This doesn't need to happen.
It is possible to create both geographic equity (i.e., what Penn State wants) and competitive intensity (i.e., what Michigan and Ohio State should want) in a divisional alignment that preserves or protects all major rivalries. The only real question here is how to split up the quadrangle of hate (Nebraska, Iowa, Minnesota, Wisconsin, formerly a triangle) -- no matter how you do it, you're going to lose part of that. Without further ado:
- Michigan, Ohio State, Iowa, Wisconsin, Purdue, Northwestern
- Michigan State, Penn State, Nebraska, Minnesota, Indiana, Illinois
Protected regular-season games: Michigan-Michigan State, Ohio State-Penn State, Iowa-Nebraska, Minnesota-Wisconsin, Indiana-Purdue, Illinois-Northwestern.
- Michigan, Ohio State, Minnesota, Wisconsin, Purdue, Northwestern
- Michigan State, Penn State, Iowa, Nebraska, Indiana, Illinois
Protected regular-season games: Michigan-Michigan State, Ohio State-Penn State, Iowa-Minnesota, Nebraska-Wisconsin, Indiana-Purdue, Illinois-Northwestern.
I'm not sure which of these two are better in terms of the quadrangle, but you get the idea. This protects most border-war and all in-state rivalries while spreading out the divisions, thereby not screwing anyone in that regard (i.e., like Penn State would be if you put them in an otherwise western division).
Finally, lest you argue this is the ACC redux, let's take a look at their current alignment:
- Virginia, Virginia Tech, North Carolina, Duke, Georgia Tech, Miami
- Boston College, Maryland, North Carolina State, Wake Forest, Clemson, Florida State
I don't know if there are protected rivalry games across the divisions, but regardless, this is not a consistent system. Like the quadrangle of hate, the main problem for the ACC is how to handle the four North Carolina schools and, actually, I think the current scheme has got that right. The main problem with it is they don't split up Virginia-Virginia Tech, resulting in Maryland being split from Virginia.
If the ACC were to follow my methodology with regard to the Big Ten, it would look like this:
- Maryland, Virginia, North Carolina, Duke, Georgia Tech, Florida State
- Boston College, Virginia Tech, North Carolina State, Wake Forest, Clemson, Miami
Protected regular-season games: Maryland-Boston College, Virginia-Virginia Tech, North Carolina-North Carolina State, Duke-Wake Forest, Georgia Tech-Clemson, Florida State-Miami.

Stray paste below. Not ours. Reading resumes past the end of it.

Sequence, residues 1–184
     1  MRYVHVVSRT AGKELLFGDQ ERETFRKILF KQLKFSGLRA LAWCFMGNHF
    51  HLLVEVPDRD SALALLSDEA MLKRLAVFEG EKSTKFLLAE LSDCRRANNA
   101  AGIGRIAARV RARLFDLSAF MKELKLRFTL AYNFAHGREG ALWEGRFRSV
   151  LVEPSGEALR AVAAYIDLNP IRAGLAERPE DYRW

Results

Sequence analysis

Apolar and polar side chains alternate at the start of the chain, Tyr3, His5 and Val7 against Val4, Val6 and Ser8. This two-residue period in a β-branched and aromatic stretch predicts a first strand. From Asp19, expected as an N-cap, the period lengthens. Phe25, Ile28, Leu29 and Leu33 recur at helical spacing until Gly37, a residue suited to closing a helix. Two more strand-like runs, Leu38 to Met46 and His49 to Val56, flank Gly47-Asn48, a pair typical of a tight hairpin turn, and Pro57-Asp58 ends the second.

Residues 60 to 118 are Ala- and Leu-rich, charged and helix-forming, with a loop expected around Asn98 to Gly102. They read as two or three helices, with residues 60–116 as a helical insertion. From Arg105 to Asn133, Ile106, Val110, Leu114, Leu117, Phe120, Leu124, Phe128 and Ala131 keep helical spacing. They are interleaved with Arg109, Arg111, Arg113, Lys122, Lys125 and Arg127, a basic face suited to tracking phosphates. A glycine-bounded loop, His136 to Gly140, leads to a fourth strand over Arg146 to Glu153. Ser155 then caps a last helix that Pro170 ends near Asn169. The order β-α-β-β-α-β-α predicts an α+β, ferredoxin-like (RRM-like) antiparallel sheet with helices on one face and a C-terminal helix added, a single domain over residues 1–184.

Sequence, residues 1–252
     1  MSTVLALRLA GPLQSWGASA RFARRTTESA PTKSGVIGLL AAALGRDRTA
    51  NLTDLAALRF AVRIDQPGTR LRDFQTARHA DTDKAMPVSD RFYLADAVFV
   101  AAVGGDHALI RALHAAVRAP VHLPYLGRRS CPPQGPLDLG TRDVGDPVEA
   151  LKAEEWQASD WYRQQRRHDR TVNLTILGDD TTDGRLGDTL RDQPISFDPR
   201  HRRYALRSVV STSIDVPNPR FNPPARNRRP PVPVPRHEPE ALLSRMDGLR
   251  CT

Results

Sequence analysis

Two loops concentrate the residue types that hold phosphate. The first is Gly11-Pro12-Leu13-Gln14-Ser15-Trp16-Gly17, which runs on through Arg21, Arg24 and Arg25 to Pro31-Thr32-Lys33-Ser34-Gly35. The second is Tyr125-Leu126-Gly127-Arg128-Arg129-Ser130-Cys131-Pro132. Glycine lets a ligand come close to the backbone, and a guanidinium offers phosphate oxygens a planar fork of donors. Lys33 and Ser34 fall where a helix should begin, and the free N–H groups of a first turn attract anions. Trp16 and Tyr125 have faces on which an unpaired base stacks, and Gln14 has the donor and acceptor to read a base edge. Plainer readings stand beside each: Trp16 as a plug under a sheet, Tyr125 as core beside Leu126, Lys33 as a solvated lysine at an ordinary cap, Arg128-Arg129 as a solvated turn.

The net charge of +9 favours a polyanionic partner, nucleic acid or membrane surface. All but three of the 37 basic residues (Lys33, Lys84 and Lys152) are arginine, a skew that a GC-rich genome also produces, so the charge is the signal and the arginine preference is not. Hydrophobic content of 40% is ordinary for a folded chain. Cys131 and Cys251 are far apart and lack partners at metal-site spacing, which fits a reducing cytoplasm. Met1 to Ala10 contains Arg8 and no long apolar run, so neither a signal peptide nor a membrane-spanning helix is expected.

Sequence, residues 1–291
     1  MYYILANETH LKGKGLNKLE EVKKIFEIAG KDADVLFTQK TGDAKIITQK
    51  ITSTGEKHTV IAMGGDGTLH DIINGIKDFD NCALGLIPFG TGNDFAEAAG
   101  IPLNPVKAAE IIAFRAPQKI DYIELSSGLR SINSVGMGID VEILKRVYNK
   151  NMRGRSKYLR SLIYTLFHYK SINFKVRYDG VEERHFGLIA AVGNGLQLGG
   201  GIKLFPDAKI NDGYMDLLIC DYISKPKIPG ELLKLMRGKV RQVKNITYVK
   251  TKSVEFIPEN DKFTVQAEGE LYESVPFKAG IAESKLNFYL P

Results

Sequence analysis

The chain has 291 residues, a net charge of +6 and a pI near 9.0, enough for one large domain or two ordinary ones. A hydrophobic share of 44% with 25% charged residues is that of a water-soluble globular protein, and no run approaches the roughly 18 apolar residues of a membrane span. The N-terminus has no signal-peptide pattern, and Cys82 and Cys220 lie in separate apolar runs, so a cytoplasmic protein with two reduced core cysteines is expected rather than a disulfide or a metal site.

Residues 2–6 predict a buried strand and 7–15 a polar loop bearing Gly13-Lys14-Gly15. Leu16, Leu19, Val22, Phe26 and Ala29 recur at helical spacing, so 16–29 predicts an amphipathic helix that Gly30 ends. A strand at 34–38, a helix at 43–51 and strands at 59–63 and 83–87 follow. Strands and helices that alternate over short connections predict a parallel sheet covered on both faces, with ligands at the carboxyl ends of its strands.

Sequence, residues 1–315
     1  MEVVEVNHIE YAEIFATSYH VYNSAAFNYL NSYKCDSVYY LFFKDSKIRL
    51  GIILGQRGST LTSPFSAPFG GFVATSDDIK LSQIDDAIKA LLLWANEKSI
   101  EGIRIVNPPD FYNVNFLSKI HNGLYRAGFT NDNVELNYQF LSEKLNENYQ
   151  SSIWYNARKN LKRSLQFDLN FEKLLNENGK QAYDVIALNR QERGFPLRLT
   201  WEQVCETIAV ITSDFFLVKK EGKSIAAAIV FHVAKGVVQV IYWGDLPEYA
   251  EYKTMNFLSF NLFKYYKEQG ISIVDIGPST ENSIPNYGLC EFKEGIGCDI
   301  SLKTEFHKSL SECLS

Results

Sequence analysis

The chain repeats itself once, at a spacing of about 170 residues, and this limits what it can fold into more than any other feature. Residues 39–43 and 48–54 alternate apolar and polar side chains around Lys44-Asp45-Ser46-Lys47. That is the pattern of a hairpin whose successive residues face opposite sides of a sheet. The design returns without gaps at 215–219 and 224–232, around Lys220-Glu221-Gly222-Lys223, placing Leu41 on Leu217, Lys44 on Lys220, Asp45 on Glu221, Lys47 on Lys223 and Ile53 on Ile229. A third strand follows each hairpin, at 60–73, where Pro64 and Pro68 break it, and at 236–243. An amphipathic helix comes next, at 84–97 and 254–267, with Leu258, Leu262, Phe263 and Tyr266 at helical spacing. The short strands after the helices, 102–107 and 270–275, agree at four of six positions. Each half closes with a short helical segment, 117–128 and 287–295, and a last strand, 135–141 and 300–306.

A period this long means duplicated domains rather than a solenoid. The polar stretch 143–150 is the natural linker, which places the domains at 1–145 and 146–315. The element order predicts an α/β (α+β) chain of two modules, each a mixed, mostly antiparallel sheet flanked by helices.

There, fixed two conferences in one go!
CBS Sports has an interesting article that concludes that Michigan and Ohio State are far more valuable to the conference if they split, creating the Hayes and Schembechler Divisions. I must say this idea has grown on me, and I have gone from "absolutely not", to seeing the merit. I've listed some pro's and con's below, with the understanding that Michigan and Ohio State must play during the regular season every year regardless of Divisions.
- I really think that having Michigan and Ohio State in the same division throws the power into one division too strongly and the only way to compensate is to have State level of competition as the other 4 teams, and that isn't good for any conference.
- The idea of having Michigan, State, Iowa and Nebraska in the same division is exciting, and creates a good competitive division while securing the inner division rivalries that you want to keep/create (UM/MSU & IA/NE). How great will it be to put little brother in their place year after year?
- It sets us up for the potential of two Michigan / Ohio State games many years. Say that again, 2 of "The Game." I don't know about you but on The Game Day, I'm up by 5am scouring online for any last minute morsels of info, waiting for ESPN Game Day to start. Once the game starts I'm sick to my stomach unable to keep anything down, yelling at the screen, pleading with the screen, cursing that the players don't care as much as I do with every missed tackle. In short, I'm loving every minute of it, and to be able to do that twice, well it just couldn't be better.
- Ohio State can catch up twice as quick. Assuming we return to 2006 glory, but find ourselves the 2nd best team in the conference, OSU would have a clear opportunity. The only thing I can brag about to Ohio State Fan who finds me in a crowded diner in AZ somehow weekly, is that in the end the Overall Record stands with Michigan leading, 57–43–6. As bad as it has been the last few years, overall we have still pounded those cellar dwellers, and I feel we will again shortly.
- We are going to have to move The Game Part I to earlier in the season. This is not uncommon for rivals to meet earlier in the season, and will give both parties the ability to bounce back from Part I in the standings. The good news is that if things go to plan we will still plan on meeting on the last game of the season and play for all the marbles.
While there are clearly some disadvantages I have come to the realization that they don't outweigh the positives and if you factor in just the monetarial benefits for the conference I think it again makes an overwhelming argument. Now all we have to work on is to get them to name the conferences after the true great ones.